One hundred percent of distiller's dried grains with solubles (DDGS) can be pelletized without adding a binding agent or anything else, according to US Agricultural Research Service (ARS) scientists.
ARS agricultural engineer Kurt Rosentrater has turned DDGS from corn-based ethanol production into high-quality pellets using processing equipment at a commercial feed mill. The heating used in pelletizing did not harm the high-protein, low-starch nutrient content. Rosentrater's work has been developed at the ARS North Central Agricultural Research Laboratory, in South Dakota, where he works with colleagues at ARS and at nearby South Dakota State University.
Cattle feed is currently the primary outlet for distiller's grain. But other livestock such as swine and poultry can also eat it. To date, there are no commercial DDGS pellets available for livestock, which limits the byproduct’s use in rangeland settings.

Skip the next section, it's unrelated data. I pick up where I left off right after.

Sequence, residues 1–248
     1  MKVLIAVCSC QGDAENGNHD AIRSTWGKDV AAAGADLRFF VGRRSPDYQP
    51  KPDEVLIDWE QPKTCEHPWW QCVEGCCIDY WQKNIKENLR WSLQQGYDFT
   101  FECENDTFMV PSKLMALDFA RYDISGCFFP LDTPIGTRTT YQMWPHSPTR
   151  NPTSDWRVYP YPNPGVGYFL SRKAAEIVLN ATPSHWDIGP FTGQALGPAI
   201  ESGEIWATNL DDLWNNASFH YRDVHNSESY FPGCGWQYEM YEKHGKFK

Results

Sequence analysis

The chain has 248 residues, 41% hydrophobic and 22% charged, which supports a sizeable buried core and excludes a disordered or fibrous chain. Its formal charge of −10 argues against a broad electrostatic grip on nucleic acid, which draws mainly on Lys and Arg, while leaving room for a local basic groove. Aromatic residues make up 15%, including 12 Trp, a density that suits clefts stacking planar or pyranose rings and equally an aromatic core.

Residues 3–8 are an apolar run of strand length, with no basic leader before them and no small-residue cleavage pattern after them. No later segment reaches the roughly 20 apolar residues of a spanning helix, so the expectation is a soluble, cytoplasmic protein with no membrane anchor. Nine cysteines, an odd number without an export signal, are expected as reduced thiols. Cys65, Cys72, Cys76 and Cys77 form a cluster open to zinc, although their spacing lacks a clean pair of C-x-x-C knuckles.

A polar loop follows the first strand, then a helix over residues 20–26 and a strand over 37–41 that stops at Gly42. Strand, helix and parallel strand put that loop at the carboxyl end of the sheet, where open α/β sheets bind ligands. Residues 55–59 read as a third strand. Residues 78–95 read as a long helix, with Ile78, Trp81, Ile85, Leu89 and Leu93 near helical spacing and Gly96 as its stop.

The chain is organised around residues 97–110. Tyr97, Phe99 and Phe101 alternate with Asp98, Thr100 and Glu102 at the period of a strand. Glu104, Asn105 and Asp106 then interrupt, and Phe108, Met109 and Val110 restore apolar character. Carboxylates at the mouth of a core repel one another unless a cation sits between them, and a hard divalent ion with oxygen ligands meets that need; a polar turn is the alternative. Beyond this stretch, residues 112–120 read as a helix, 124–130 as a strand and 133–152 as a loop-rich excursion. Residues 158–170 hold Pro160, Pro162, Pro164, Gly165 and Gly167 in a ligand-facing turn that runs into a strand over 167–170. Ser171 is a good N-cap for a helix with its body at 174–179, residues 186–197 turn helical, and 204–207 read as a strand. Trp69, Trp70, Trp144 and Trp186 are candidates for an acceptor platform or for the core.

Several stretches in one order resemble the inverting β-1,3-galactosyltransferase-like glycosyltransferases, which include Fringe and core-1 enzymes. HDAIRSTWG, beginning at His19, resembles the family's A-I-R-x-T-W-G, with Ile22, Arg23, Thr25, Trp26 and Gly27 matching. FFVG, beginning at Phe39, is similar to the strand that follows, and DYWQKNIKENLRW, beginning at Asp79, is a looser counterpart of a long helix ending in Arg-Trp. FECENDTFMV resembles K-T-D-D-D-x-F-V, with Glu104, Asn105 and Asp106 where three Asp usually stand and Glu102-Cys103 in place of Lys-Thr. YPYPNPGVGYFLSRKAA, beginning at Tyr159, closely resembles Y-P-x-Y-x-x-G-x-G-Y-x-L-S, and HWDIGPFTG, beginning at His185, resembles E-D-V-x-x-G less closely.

Fish raised for food in the growing aquaculture industry eat pelletized feed, but those pellets contain commercial fish meal as a protein source, not the less-expensive distiller's grain. Rosentrater is experimenting with adding soy and corn flour to distiller's grain to produce pelletized feeds, to see how far he can reduce the fish meal—or if he can eliminate it entirely.
This pelletizing work also promises to solve a growing problem of product deterioration—as well as hardening and caking problems during shipping and storage, which can clog the various chutes and bins that DDGS flows through. With an increasing supply of the byproduct, ethanol plants have to ship it greater distances to reach markets.